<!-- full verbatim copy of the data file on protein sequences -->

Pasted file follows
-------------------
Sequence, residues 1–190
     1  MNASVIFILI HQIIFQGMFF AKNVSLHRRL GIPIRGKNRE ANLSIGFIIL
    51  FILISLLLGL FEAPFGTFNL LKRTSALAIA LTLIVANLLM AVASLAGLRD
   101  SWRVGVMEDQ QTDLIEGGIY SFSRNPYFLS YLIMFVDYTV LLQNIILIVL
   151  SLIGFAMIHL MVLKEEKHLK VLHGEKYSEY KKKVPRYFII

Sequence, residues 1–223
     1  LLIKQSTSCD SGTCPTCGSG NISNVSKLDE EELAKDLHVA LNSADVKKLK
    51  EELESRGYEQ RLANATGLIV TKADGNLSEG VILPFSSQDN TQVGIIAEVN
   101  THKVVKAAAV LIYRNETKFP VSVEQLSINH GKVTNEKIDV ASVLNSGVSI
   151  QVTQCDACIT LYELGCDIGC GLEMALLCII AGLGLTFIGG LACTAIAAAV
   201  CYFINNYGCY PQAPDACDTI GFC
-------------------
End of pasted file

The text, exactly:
Sequence, residues 1–190
     1  MNASVIFILI HQIIFQGMFF AKNVSLHRRL GIPIRGKNRE ANLSIGFIIL
    51  FILISLLLGL FEAPFGTFNL LKRTSALAIA LTLIVANLLM AVASLAGLRD
   101  SWRVGVMEDQ QTDLIEGGIY SFSRNPYFLS YLIMFVDYTV LLQNIILIVL
   151  SLIGFAMIHL MVLKEEKHLK VLHGEKYSEY KKKVPRYFII

Sequence, residues 1–223
     1  LLIKQSTSCD SGTCPTCGSG NISNVSKLDE EELAKDLHVA LNSADVKKLK
    51  EELESRGYEQ RLANATGLIV TKADGNLSEG VILPFSSQDN TQVGIIAEVN
   101  THKVVKAAAV LIYRNETKFP VSVEQLSINH GKVTNEKIDV ASVLNSGVSI
   151  QVTQCDACIT LYELGCDIGC GLEMALLCII AGLGLTFIGG LACTAIAAAV
   201  CYFINNYGCY PQAPDACDTI GFC